Whereas during the Cold War there was some international tolerance for “developmental dictatorship” under the one-party rule of the BSPP, the 1988 coup was accompanied by a sanguinary crackdown anticipating Tiananmen, which had a similar chilling effect on the country’s foreign relations, Stephen McCarthy relates. As ASEAN moved from Cold War polarization toward geographical ecumenicalism, it found itself challenged by the hard case of Burma (now Myanmar). Amid recurrent debate, Myanmar was finally awarded membership in 1997, along with Laos. Yet, this prize has proved disappointing to the recipient, no less than the donors. The SPDC, no more reconciled to Asian democracy than the reverse, no doubt justified its accession to ASEAN by the prospect of opening the floodgates to foreign direct investment (FDI), which was having such telling economic effect in neighboring China. But alas, Myanmar’s accession coincided with the Asian financial crisis, when FDI was moving out rather than into the region. On the other hand, the “ASEAN Way” of consensus decision making and non-interference among member states had no discernible impact on the SPDC’s harsh authoritarianism, giving rise to the collective embarrassment manifest in the 2005 fiasco over Myanmar’s chairmanship of ASEAN.

New Delhi has felt analogous pangs of political conscience about Myanmar, which shares with India a long troublesome border and colonial history. Initially, India was inclined to join the chorus of regional critics, for example awarding the Nehru Prize for International Understanding to Daw Aung San Suu Kyi in 1995 (after all, she had already received the Nobel Peace Prize). But with the onset of New Delhi’s grasp for geostrategic leverage (e.g., the “Look East Policy” in the 1990s), Indian priorities have shifted from human rights to border control, weapons sales, and access to Myanmar’s rich natural resources (particularly hydrocarbons), with an eye to favorable geostrategic positioning vis-à-vis China (“if we don’t do X or Y, China will”). Whether this more accommodative stance pays off for the Indians in either economic or strategic respect remains, however, quite debatable, Renaud Egreteau informs us.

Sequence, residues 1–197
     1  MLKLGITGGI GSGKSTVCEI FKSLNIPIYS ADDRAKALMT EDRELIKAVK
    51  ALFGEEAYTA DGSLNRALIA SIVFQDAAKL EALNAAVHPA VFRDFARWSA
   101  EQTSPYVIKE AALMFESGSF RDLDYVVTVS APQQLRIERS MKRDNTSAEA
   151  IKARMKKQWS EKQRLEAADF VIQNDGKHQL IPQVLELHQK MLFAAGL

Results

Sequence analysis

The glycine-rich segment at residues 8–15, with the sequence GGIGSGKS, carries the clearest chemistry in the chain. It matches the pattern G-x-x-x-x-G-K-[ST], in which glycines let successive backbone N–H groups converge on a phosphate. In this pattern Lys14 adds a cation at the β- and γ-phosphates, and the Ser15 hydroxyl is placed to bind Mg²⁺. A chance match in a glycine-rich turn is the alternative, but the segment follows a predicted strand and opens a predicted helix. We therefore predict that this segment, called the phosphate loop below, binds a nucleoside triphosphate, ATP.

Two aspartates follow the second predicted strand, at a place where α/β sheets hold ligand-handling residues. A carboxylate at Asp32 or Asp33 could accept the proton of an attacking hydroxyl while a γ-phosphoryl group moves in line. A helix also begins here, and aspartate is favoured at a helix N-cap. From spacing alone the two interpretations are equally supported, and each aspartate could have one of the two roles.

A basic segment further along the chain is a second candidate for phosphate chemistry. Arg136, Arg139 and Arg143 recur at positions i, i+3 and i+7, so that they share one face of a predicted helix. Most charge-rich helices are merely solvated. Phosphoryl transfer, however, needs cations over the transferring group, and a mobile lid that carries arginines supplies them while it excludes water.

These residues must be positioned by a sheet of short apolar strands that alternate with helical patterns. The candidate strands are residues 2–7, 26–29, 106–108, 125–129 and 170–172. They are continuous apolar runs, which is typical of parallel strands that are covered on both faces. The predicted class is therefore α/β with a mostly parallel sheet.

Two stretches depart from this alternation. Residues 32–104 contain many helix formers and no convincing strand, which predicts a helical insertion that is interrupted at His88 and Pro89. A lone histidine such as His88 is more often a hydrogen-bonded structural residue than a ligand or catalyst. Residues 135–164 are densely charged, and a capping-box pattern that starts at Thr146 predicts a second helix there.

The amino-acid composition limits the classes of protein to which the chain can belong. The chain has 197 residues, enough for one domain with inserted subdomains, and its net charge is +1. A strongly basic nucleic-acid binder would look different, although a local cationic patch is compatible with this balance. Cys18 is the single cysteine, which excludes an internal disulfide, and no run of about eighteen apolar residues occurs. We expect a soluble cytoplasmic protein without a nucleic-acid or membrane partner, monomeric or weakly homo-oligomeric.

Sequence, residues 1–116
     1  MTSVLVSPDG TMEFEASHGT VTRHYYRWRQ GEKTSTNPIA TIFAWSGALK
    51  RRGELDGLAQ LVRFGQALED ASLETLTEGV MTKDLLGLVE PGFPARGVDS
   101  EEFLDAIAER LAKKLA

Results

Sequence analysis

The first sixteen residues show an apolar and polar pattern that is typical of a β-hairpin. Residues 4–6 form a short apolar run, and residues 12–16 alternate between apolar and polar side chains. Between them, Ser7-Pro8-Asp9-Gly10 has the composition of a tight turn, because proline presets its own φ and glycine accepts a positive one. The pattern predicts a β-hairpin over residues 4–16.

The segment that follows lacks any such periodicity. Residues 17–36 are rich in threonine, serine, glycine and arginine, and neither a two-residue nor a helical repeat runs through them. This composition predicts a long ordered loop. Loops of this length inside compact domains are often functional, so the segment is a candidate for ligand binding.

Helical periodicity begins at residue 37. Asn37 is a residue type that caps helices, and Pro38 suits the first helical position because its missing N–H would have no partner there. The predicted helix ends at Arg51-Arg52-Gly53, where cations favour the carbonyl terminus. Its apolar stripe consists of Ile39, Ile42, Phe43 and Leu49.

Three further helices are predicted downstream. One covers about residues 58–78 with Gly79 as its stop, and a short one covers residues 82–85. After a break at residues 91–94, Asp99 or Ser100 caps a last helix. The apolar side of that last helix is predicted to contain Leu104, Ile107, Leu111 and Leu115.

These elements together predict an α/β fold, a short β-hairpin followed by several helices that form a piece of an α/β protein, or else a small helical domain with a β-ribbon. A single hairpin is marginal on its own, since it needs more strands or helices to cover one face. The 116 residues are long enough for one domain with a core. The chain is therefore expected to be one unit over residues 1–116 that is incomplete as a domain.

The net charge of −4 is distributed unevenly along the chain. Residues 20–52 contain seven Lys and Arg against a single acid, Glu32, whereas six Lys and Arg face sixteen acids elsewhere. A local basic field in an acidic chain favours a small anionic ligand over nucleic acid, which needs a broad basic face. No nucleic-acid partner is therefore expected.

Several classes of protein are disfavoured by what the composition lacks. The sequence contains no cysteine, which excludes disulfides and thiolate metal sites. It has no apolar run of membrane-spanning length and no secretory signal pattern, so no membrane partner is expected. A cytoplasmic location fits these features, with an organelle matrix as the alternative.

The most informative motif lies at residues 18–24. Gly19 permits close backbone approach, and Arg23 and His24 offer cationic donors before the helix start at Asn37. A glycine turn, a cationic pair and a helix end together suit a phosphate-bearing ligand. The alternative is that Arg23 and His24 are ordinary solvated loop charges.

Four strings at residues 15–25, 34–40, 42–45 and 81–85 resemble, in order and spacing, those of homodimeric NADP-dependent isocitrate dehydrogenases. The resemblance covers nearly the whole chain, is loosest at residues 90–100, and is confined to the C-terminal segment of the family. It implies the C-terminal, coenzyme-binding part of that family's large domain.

With the largest area in mainland Southeast Asia, with rich natural resources and a well-educated populace of manageable size (estimated at 50 million, but no offi cial census since 1983), Burma’s economy, relegated by the U.N. in 1988 to the world’s “least developed,” has failed to take off.

Yet, according to Sean Turnell, this unhappy paradox is on the verge of dramatic change. Inspired by the spike in world commodity prices over the past decade, the SPDC resolved to replace the export of illegal drugs with fossil fuels as their country’s leading foreign exchange earner (Burma remains the world’s second-leading source of opium after Afghanistan, although the manufacture of methamphetamines is the new growth industry). Capitalizing on China’s and India’s rapid GDP growth and competing drives for energy, Burma has indeed reaped impressive export gains, enjoyed
predominantly by its military-industrial complex (the poverty rate remains around 23%). That such a narrow focus on extractive industry risks incurring the “Dutch disease”—an overvalued currency, governmental corruption, and capital starvation of other, more labor- and technology-intensive industries—does not seem of immediate concern to Turnell’s “insatiable state.”

This lack of concern may be attributed not merely to authoritarian callousness but to a rational assessment of the country’s economic opportunities under the restricted economic horizon of trade sanctions imposed since the 1988 massacre and subsequent cancellation of the 1990 election, analyzed comprehensively in Jalal Alamgir’s article on foreign trade and with specifi c regard to the impact on the garment industry in Toshihiro Kudo’s essay. These sanctions, imposed predominantly by the West under U.S. initiative for the past two decades (and reinforced in 1997), are contingent upon the SPDC’s recognition of the political validity of the 1990 election, which they lost decisively to the NLD—a suicidal condition the SPDC is highly unlikely to fulfi ll. Gas and oil extraction have been relatively unaffected by the sanctions, which China and India (energy importers), along with Russia and Japan (purveyors of oil extraction and pipeline construction equipment) have all chosen to ignore. Although the economy has incurred some damage from the sanctions, it has not been (nor is it likely to be) suffi cient to force the junta to its knees. Nor will sanctions be universalized by the U.N., given China’s and Russia’s Security Council veto power (demonstrated in January 2007). The damage has been inflicted mainly on the labor-intensive garment industry and on the private sector, pushing the state toward greater reliance on gas exports and on investment in its apparatus of control.